Nursing, I like to tell people, is often more psych counseling, bolstering and cheerleading than it is actual critical clinical care.  Believe me when I tell you, it’s easy to drown in the ocean of someone else’s internal turmoil and the toll can be your own sense of inner peace…or sanity.

We nurses do all sorts of things to blow off steam.  We vent to each other when no one else can hear, cry, take long and frequent vacations (not really), threaten to never come back (before we get back up and do just that), we crack stupid jokes, pray.

Writing is my second life (or maybe my first?) and it is a great release for me.  I am surprised though, that more of my colleagues don’t have an alternate life, something that shields them from the difficulties of the job.  I don’t know the statistics, but I do know that there is a high rate of depression among nurses.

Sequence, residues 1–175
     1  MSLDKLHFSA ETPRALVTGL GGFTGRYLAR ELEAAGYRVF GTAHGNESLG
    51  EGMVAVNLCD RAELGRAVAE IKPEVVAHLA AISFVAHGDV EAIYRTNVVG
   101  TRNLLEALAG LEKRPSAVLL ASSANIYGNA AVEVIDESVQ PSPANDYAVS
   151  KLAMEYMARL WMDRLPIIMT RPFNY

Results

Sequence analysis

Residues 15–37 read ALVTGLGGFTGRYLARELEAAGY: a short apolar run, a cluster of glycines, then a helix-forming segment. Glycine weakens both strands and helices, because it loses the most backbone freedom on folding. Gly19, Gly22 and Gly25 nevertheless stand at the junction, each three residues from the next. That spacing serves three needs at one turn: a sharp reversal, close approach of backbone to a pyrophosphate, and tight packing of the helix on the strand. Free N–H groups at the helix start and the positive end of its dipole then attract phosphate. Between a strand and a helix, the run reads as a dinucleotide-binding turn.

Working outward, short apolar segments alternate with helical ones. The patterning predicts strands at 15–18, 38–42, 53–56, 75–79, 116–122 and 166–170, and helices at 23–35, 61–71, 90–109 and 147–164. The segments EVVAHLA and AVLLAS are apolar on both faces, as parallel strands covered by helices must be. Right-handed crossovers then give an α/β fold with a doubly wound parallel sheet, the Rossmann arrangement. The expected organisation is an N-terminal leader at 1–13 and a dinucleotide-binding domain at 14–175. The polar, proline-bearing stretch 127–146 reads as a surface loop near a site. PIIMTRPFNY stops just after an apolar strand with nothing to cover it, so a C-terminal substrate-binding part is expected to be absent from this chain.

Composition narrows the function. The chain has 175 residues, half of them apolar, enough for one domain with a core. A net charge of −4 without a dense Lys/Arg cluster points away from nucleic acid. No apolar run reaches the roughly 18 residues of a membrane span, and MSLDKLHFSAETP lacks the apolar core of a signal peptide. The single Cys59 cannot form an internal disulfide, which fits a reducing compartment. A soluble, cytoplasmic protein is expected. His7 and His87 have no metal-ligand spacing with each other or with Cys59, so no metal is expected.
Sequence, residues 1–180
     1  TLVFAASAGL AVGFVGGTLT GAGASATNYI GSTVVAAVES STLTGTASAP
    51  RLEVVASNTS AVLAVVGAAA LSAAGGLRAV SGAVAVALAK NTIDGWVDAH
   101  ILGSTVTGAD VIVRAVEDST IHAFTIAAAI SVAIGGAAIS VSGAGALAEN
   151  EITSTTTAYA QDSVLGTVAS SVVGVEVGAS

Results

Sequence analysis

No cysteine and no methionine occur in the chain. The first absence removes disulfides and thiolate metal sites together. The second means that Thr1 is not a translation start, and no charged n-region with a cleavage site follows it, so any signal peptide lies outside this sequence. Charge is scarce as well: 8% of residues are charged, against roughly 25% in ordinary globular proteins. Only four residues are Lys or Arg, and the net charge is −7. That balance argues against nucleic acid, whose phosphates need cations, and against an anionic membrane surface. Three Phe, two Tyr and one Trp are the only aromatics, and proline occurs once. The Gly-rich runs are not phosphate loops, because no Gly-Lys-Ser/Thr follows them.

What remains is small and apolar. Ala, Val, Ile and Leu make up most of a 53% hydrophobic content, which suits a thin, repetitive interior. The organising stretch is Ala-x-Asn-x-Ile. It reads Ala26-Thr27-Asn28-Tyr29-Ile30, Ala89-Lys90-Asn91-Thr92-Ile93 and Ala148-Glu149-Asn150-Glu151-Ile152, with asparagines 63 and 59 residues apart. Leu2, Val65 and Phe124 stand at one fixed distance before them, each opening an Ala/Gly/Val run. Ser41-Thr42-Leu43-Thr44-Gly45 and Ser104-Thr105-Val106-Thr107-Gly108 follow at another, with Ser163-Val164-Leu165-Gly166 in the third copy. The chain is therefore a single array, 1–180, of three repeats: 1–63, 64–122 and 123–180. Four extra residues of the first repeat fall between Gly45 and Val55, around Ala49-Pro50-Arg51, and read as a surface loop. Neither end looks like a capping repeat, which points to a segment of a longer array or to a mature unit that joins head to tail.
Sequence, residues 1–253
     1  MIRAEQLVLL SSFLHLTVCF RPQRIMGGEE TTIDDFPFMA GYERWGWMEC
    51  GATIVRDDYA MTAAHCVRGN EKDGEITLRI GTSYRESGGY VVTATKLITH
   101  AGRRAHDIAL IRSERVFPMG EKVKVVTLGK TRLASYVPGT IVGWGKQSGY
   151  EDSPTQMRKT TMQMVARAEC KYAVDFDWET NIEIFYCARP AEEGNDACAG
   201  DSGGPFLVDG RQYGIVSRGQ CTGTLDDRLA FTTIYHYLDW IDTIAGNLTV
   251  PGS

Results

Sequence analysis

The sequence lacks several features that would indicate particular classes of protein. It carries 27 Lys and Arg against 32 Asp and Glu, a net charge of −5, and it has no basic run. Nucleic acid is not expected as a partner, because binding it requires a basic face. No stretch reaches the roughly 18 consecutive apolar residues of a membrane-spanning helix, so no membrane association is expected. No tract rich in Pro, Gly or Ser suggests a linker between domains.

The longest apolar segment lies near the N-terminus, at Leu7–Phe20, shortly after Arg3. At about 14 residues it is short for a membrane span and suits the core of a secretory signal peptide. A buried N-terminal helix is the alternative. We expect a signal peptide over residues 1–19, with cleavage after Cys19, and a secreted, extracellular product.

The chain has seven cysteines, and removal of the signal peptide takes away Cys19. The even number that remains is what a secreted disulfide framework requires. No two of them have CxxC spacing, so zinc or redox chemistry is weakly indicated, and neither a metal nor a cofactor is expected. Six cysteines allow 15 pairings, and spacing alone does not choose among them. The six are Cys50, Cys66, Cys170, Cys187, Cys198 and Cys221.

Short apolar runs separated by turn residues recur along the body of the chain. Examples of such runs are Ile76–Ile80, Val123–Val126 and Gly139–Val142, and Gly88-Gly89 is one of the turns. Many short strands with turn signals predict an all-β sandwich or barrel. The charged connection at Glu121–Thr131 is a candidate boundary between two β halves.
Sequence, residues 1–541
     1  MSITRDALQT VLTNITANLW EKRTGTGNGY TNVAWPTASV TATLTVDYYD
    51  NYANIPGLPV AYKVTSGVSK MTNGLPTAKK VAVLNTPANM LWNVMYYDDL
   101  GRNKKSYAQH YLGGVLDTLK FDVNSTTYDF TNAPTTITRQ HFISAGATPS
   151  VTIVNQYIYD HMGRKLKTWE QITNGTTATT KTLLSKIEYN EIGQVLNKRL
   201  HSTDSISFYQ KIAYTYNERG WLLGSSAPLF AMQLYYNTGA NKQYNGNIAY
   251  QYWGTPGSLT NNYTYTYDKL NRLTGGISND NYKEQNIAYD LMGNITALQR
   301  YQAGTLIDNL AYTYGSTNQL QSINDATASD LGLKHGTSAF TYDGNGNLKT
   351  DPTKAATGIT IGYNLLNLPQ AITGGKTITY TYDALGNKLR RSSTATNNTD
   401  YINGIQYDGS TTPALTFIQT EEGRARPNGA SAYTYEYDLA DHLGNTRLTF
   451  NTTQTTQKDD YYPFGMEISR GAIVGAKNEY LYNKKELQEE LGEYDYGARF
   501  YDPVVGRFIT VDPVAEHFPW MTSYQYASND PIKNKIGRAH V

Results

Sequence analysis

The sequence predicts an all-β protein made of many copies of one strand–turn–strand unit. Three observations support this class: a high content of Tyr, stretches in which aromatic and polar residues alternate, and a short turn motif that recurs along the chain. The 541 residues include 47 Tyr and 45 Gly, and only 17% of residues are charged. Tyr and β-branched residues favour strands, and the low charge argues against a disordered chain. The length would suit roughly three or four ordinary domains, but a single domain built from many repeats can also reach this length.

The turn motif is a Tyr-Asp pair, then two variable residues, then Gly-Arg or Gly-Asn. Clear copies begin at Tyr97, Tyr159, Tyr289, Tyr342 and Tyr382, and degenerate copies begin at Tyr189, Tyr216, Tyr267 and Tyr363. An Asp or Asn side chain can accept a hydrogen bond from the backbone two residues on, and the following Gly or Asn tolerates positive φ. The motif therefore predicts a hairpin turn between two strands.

Several months ago, my clinical team took on a new, young, and frightened patient, who was desperate to control the uncontrollable, and understandably frightened about the prospect of chemotherapy.  Her anxiety was infectious and even I started to feel overwhelmed.  Helping her consumed so much time that I could hardly get to my other patients.

On one particularly challenging day, I emailed the doctor whose clinic I support.  I gave report in the form of a haiku.  This made the both of us laugh.  It’s been seven months now, and we are still haiku-ing away and we’re still getting a kick out of it.

I recognize that neither of us are producing great literary masterpieces, but we are creating and we are having fun.  The next time you’re annoyed or tired or want to vent or want to rejoice why not scratch down a haiku (or any form of poetry) and get a laugh out of it?  From time to time, I’ll be posting haiku, just for fun over at my Facebook page.  Hope you’ll check it out sometime.

Check out these two articles:

http://www.theatlantic.com/entertainment/archive/2012/03/why-poetry-should-be-more-playful/254188/

http://www.howdesign.com/how-magazine/how-may-2012/unstuck/